In the ripe seed we find the embryo, which is a miniature plant with stem and leaves. How has this embryo been formed?

At a certain time a little cavity is formed in the centre of the ovule within the pistil. This cavity is called the

embryo sac, and is marked s in Figure Fig. 20.

Within this sac, at its upper end, 000.00

we see a minute body or vesicle, v.

This is the first germ of the embryo; but in order that it may begin its development, it must be acted upon by the pollen. This we see in the form of small grains, a, resting on the top of the pistil. It has fallen from the anthers, and lodged here; and now it sends out a very fine and delicate tube, the pollen-tube, which pierces the tissue of the pistil, and extends itself until it reaches the vesicle, v. Its con

tact with this microscopic particle of matter has the mysterious power of making it begin to grow, and thus form the embryo.

The vesicle is at first a single cell; that is, a mem



branous globule, filled with liquid, in which minute' particles can sometimes be discerned. After it has been acted upon by the pollen-tube, it enlarges somewhat, and a partition forms across its interior, dividing it into two cells. Each of these grows and divides in like manner, and thus a cluster of cells is formed. After a time the mass begins to take a definite shape. One end becomes the radicle, or the beginning of the root of the plant ; and the other divides into two parts, which develop into the cotyledons, or seed-leaves. It is now a perfect embryo, a miniature plant, with root, stem, and leaves, but still shut up in the seed.

146. The Plantlet. — The growth of the plant in the seed, and out of the seed, is essentially the same process. The same division and multi

Fig. 21. plication of cells continues, and all the parts of the plant are formed by the clustering or aggregation of these cells. The cells are too minute to be distinguished with the naked eye, but the microscope shows them in every portion of the plant. Figure 21 shows a thin slice of a rootlet, cut crosswise and lengthwise, as it appears when highly magnified. We see that the whole structure is cellular; that is, made up of cells crowded together. A single cell is represented in Figure 22. The natural shape of the cell is spherical; but when cells are clustered or crowded together, they compress one another into the shape in which we see them in these figures. Where they are not thus squeezed, they are generally found to be spheres, more or less perfect. They vary in size, from about the thirtieth to the thousandth of an inch in diameter.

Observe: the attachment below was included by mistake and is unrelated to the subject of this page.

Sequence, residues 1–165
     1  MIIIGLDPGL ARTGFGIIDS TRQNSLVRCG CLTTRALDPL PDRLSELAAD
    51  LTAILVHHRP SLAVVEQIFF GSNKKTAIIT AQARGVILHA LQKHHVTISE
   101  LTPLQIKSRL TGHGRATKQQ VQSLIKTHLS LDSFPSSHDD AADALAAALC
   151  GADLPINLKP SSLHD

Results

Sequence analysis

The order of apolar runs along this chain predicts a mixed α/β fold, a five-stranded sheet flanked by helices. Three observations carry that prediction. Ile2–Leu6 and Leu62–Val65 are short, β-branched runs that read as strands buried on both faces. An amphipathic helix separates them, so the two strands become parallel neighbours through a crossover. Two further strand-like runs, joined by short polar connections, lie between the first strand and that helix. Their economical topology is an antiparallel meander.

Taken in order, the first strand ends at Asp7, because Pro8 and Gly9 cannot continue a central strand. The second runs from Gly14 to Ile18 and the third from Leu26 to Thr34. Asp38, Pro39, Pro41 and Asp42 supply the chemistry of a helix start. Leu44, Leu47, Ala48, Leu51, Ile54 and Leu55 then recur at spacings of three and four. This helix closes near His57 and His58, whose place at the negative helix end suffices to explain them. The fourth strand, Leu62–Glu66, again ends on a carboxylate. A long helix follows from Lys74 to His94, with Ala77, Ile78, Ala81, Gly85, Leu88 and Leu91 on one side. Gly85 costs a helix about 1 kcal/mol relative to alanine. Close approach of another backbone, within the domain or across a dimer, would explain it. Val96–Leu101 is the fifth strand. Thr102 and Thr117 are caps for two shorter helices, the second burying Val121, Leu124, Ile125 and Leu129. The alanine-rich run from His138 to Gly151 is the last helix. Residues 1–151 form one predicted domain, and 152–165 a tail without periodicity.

At first the cells are all alike in shape and in texture; but they are greatly modified in both respects in Fig 22.

forming the varied tissues of the plant.
They may be lengthened out into tubes,
as in the fibres of cotton, which
single cells thus drawn out. The soft,
thin membrane which encloses them may
become hard and thick, as in the shell of

a walnut or the tough wood of an oak. They may be closely crowded together, and nearly filled up with solid matter; or they may be loosely interlaced, and form vessels to contain the vegetable juices. Their contents are as varied as their structure, and, seen through the transparent walls, give rise to all the manifold colors of leaf and flower and fruit.

Figure 23 (from Wood's “Class-book of Botany") shows a few of the varied forms which cells assume. At the top we have wood-cells from the fibre of flax. Below

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are represented the many-sided cells of the pith of elder; stellate (star-shaped) cells of the pith of the rush ; spherical cells of the houseleek; and wood-cells of the oak.

147. Organic Structure. This cellular structure is the characteristic of organic beings; that is, plants and